With time though, my mother was able to overcome a bit more and by the time my sister was born in 1993 (also in the same room as my brother and I), she was not only breastfed until she self-weaned just after three years of age, but she also got to co-sleep with my mom.  My mom moved out of my parents’ bedroom and slept on a sofabed outside what would be my sister’s room and my sister religiously co-slept for the first few years and occasionally until she was around eight.  My sister had other factors to contend with growing up, and she had some wild child years, but she is so far in a way more mature than me when it comes to relationships, it’s remarkable.  My husband has noticed this as well so I know it’s not just me glorifying her.  I admit I’m a bit jealous because while I spent my years playing mind games and sabotaging every relationship I had, my sister has been with the same guy for over three years and while she has her moments of “crazy” (like most teenage girls), she owns them and has already learned the power of saying you’re sorry and of forgiveness—lessons I assumed had to be learned years later.  She’s also the most comfortable in her skin, something I’ve always struggled with.  Was this all due to the addition of co-sleeping?  Of course not, but I firmly believe it played a role and a big one.

So what about me?  Not to sound too self-centered, but was I to be a write off?  Able to only do what I was given as a child?  No.  And this is where I see the immense importance of taking whatever steps are possible when it comes to positive parenting.  Because of my mother’s huge strides—something I am constantly in awe of given her upbringing—I saw my sister’s development and some of my own strengths and that allowed me to approach parenting my own daughter with the amount of love and consideration I have.  My daughter enjoys the benefits of the family bed, full-term breastfeeding (she’s still going), babywearing, baby-led weaning, and immediate responsiveness all because I had enough of a foundation to work with.  If my mother had followed in her mother’s footsteps and assumed no change could be made, would I be the parent I am?  While I can’t say for certain, I’m 99% sure I wouldn’t be.  But she took the hardest steps to start our family down the path that will allow my daughter the chance to grow up with the best I can give her.  I guess you could say that if she turns out as happy and secure and independent as research and history would suggest she should, she’ll have my mother to thank for it, for although she wasn’t the “perfect” attachment or evolutionary parent, she was willing to learn and grow and change.  That should never be underestimated and should probably be celebrated more than it is because these are the baby steps that will lead to a happier and healthier society.  If every family had someone as brave as my mother, who could step outside the destructive patterns we’ve set up in our society, I firmly believe we would start to see positive changes all around us pretty darn quickly.  And it wouldn’t be too long before we’d reshaped society into a more caring, loving, and happy place.  But we need to be able to celebrate the first steps people take instead of only focusing on what steps are left, because this is a marathon after all and we’ll only get there one step at a time.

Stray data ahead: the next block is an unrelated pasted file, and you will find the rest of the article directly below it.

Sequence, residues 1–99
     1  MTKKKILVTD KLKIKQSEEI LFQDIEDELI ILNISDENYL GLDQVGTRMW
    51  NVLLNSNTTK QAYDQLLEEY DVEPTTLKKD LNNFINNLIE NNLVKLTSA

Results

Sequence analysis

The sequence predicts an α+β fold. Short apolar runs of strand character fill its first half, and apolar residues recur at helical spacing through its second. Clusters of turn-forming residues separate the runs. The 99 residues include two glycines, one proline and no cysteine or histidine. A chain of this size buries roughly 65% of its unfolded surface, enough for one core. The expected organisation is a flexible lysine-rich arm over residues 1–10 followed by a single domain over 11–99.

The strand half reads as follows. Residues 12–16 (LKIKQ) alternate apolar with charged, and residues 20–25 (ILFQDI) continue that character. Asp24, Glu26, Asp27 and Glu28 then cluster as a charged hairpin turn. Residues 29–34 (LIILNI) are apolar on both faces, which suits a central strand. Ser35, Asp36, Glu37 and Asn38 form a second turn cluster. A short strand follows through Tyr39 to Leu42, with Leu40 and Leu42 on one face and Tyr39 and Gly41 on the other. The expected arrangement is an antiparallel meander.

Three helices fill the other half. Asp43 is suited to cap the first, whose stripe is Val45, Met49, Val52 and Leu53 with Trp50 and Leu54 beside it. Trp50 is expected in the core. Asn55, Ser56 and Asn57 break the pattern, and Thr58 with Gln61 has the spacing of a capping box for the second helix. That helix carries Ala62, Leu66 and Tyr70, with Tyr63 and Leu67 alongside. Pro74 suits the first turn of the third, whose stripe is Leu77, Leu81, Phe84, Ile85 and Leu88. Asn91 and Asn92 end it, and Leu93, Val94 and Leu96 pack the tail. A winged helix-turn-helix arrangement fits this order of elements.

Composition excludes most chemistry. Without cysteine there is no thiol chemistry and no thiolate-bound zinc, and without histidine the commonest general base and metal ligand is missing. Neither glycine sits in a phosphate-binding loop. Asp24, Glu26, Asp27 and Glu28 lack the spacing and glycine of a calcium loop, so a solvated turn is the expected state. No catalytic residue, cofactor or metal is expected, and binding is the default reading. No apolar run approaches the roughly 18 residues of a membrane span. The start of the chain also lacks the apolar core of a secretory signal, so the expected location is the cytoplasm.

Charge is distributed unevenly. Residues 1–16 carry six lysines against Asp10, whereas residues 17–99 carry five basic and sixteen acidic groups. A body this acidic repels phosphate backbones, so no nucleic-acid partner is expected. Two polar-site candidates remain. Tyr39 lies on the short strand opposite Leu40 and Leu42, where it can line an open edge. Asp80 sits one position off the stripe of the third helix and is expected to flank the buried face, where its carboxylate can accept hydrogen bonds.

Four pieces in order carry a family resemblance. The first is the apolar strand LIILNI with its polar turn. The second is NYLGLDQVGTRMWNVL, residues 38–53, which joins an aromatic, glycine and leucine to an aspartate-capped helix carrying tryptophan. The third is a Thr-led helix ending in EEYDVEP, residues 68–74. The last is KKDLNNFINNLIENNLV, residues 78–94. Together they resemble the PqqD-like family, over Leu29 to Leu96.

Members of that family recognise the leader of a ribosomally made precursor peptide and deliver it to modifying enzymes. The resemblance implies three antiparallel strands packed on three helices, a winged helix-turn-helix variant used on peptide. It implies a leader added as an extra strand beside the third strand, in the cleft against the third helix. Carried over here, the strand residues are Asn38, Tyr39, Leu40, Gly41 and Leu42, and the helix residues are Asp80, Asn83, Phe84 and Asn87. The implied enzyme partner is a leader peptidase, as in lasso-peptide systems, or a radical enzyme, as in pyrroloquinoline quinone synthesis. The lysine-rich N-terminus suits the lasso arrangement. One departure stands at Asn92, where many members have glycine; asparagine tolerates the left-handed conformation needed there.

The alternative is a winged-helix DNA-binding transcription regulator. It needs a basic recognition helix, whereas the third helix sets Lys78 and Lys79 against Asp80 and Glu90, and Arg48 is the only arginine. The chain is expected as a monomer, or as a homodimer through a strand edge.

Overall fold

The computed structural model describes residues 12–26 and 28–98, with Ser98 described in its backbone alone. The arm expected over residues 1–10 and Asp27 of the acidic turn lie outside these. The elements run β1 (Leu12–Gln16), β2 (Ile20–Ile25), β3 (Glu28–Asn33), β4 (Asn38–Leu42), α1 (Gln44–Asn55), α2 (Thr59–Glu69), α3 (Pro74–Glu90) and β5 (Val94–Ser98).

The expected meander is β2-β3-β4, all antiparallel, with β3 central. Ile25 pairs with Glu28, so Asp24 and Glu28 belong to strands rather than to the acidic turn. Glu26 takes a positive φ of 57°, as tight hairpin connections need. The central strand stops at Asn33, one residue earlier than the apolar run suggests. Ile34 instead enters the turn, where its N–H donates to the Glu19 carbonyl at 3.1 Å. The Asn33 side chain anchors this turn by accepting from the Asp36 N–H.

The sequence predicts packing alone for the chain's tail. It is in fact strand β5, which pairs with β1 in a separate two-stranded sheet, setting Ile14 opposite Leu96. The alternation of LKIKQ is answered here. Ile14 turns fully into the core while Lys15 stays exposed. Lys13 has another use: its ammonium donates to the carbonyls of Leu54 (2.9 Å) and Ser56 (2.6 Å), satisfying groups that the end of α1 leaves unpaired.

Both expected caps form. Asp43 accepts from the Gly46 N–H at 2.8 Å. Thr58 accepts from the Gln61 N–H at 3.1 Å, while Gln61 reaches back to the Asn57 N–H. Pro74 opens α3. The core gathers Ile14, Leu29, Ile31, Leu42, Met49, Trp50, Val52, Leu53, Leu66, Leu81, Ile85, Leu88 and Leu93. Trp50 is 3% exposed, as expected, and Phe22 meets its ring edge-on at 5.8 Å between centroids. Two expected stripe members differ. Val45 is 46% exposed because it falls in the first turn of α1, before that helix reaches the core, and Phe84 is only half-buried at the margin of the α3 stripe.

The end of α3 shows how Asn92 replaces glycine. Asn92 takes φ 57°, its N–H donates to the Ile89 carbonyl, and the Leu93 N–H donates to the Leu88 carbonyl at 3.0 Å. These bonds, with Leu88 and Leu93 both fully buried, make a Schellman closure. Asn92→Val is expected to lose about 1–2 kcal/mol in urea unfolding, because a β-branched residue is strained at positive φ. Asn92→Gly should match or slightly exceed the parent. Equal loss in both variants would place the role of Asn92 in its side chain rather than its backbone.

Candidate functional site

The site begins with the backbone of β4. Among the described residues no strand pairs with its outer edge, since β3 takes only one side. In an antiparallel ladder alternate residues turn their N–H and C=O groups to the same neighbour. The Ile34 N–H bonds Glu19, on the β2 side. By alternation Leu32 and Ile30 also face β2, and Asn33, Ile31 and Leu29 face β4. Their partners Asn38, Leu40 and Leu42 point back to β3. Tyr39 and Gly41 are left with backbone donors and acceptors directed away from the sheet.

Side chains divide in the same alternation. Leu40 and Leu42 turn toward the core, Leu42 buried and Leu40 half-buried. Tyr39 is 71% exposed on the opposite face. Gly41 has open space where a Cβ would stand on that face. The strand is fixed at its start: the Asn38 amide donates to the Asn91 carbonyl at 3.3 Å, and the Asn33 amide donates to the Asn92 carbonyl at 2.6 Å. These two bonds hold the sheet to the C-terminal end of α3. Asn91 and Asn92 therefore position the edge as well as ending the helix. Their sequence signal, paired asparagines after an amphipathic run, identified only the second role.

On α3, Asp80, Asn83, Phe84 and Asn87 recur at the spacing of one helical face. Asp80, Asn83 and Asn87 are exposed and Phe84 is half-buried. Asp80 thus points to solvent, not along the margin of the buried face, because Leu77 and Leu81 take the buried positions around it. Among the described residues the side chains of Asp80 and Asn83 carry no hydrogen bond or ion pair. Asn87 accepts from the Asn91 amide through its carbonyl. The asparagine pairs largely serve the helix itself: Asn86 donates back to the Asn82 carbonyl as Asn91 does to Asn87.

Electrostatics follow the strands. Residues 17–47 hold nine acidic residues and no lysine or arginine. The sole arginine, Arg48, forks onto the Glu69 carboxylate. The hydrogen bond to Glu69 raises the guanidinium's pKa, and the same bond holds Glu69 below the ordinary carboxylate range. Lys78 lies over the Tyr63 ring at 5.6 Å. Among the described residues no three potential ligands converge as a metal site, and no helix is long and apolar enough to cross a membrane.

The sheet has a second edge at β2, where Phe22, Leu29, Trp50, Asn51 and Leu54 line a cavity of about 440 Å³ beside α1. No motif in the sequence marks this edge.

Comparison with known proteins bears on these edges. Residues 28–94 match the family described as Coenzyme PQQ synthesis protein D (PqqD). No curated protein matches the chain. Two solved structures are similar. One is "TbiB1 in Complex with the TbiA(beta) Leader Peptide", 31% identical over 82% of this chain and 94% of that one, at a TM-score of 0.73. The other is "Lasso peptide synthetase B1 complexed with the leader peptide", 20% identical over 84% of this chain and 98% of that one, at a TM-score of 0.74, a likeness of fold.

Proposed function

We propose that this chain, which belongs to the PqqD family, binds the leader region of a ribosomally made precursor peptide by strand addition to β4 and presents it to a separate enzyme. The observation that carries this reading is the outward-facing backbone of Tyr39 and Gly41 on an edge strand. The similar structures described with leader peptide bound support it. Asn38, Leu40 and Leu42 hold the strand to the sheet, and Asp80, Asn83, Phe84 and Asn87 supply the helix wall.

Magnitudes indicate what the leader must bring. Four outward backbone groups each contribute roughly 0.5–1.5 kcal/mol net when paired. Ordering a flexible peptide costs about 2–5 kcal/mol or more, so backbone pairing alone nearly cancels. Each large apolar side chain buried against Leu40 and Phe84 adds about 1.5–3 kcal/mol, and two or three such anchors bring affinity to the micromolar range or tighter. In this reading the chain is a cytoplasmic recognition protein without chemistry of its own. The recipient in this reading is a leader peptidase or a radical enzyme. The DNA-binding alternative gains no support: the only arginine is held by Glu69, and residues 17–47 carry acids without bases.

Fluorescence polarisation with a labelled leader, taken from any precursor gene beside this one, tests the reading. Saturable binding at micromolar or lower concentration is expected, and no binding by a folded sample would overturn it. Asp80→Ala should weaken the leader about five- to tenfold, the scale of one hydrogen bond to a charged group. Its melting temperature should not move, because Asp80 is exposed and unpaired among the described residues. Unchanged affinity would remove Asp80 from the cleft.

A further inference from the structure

Are you taking the first steps for your family or continuing on in the way you were raised?

Comments

  1. Jespren says

    My dad broke the cycle of abuse. He was abused as a kid, both his parents suffered physical abuse, and grandparents, and, you get the point. But he made the choice to leave that behind and raise us free of physical abuse. Was he perfect? No, the scars of his own abuse were much in evidence and caused some less-than perfect outcomes. But most he owned up to, asked forgiveness for, and did his best to work past. On a whole, I had a great childhood (despite a lot), while he had a miserable childhood. It was a great step to take.

  2. janie says

    Lovely story. My mother was raised quite the same as yours. I was brought into this world under an epidural and fomula feed immediately. I had my daughter in my early 20′s (1997) and I knew that I wanted to do things differently. I had a natural childbirth with a midwife. We cloth diapered, coslept, extended breastfed, and homeschooled. I followed my instincts. I got tons of support from my inlaws, but no support from my side of the family.

  3. Jade says

    I knew that I wanted to parent completely differently to my mum, what I didn’t realize is that it would happen from birth onwards. I didnt think about parenting a new born, because they just eat, poop and sleep right. And then my daughter arrived at 31 weeks, and knowing the impact that this traumatic birth could have I freaked. In the end I feel into attachment/evolutionary parenting simply by always listening/responding to my daughters cues. Then I started to find the research that backed up what I was doing -co sleeping, breastfeeding, baby wearing (which wasn’t really optional in my daughters opinion) – and breathed a giant sigh of relief. It also helped me develop the way in which I parent differently, though I still struggle with my own damage, parenting this way has the surprising benefit of gradually healing me also. I’m not sure I wouldve taken the same path if my daughter hadn’t been a preemie, but I look at her now and see a strong, capable, affectionate, loving, intelligent 21 month old and am so grateful.